“Grief” by Stephen Dobyns

Trying to remember you

is like carrying water

in my hands a long distance

across sand. Somewhere

people are waiting.

They have drunk nothing for days.

 

Your name was the food I lived on;

now my mouth is full of dirt and ash.

To say your name was to be surrounded

by feathers and silk; now, reaching out,

I touch glass and barbed wire.

Your name was the thread connecting my life;

now I am fragments on a tailor’s floor.

 

I was dancing when I

learned of your death; may

my feet be severed from my body.

 

(Posted in remembrance of our father, Mardell Culley, Sr. on the second anniversary of his death)

Things That Strengthen Us, pt 2 of 2

From Christian Wiman’s meditation, in My Bright Abyss (pg. 161):

Life tears us apart, but through those wounds, if we have tended them, love may enter us.  It may be the love of someone you have lost.  It may be the love of your own spirit for the self that at time you think you hate.  However it comes through, in all these—of all these and yet more than, so much more—there burns the abiding love of God.  But if you find that you cannot believe in God, then do not worry yourself with it.  No one can say what names or forms God might take, nor gauge the intensity of unbelief we may need to wake up our souls.  My love is still true, my children, still with you, still straining through your ambitions and your disappointments, your frenzies and forgetfulness, through all the glints and gulfs of implacable matter—to reach you, to help you, to heal you.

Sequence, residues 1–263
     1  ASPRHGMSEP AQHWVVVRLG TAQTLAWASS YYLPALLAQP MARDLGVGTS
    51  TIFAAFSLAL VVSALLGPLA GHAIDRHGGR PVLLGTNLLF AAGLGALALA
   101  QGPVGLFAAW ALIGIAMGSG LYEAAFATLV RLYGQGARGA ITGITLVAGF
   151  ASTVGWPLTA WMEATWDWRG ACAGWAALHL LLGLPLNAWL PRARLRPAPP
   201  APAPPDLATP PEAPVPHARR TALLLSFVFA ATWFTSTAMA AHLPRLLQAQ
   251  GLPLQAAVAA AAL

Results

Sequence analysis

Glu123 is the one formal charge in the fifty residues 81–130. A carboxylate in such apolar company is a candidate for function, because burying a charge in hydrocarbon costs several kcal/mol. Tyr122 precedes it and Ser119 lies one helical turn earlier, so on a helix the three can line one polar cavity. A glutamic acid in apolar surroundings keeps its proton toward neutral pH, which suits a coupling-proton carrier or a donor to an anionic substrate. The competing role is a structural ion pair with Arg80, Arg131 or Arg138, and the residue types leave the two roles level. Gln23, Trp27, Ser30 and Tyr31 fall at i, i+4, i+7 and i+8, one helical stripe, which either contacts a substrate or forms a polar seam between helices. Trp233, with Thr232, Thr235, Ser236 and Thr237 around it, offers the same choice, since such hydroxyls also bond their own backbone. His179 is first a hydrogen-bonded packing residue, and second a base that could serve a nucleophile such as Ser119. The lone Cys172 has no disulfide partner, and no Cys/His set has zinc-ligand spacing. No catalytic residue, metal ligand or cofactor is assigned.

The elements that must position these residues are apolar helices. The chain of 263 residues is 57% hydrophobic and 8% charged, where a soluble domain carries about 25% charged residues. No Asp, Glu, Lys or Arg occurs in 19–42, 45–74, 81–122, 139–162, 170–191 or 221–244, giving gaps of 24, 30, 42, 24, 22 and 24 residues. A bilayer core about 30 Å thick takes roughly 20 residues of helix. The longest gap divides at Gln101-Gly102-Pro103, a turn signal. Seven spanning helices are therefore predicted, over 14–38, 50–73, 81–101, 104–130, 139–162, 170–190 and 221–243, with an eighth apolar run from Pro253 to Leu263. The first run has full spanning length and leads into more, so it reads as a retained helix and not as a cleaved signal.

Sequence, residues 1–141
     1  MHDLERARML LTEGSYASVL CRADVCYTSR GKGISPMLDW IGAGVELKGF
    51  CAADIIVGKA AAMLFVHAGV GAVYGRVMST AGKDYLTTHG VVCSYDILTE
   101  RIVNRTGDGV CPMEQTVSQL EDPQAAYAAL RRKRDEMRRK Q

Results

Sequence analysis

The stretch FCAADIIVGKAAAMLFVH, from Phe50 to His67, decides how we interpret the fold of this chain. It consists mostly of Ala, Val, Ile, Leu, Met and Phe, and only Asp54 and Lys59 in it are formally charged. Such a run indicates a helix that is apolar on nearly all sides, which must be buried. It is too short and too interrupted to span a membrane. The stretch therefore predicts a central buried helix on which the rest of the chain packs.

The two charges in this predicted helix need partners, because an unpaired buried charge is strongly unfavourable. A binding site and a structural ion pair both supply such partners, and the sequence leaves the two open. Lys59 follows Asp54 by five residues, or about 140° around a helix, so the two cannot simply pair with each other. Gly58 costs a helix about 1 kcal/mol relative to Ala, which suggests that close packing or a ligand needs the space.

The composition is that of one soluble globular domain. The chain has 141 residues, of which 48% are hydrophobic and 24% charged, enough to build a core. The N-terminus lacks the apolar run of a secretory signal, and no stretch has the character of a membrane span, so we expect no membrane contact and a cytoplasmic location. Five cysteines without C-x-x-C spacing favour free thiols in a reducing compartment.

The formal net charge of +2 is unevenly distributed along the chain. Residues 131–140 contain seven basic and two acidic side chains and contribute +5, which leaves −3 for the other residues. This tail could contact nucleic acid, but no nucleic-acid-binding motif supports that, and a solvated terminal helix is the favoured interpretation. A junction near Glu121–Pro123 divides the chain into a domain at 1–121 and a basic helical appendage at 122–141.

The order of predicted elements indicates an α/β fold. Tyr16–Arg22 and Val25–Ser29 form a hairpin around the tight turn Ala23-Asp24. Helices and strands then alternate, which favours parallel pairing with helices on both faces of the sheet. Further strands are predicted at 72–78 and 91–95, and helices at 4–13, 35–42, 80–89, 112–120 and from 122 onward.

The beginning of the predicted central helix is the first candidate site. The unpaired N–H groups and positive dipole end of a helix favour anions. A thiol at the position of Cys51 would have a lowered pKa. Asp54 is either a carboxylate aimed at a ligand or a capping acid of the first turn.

Things That Strengthen Us, pt 1 of 2

From Christman Wiman’s meditation, in My Bright Abyss, undoubtedly written first to the close loves of his life (pg. 161):

My loves, I will be with you, even if I am not with you.  Every day I feel a little more the impress of eternity, learn a little more “the discipline of suffering which leads to peace of the spirit,” as T. S. Eliot said, writing of the seventeenth-century poet and priest George Herbert (read him!), who died when he was thirty-nine and had only recently found true happiness with his new wife and new commitment to God.  My loves, I love you with all the volatility and expansiveness of spirit that you have taught me to feel, and I feel your futures opening out from you, and in those futures I know my own.  I will be with you.  I will comfort you in your despair and I will share in your joy.  They need not be only grief, only pain, these black holes in our lives.  If we can learn to live not merely with them but by means of them, if we can let them be part of the works of sacred art that we in fact are, then these apparent weaknesses can be the very things that strengthen us.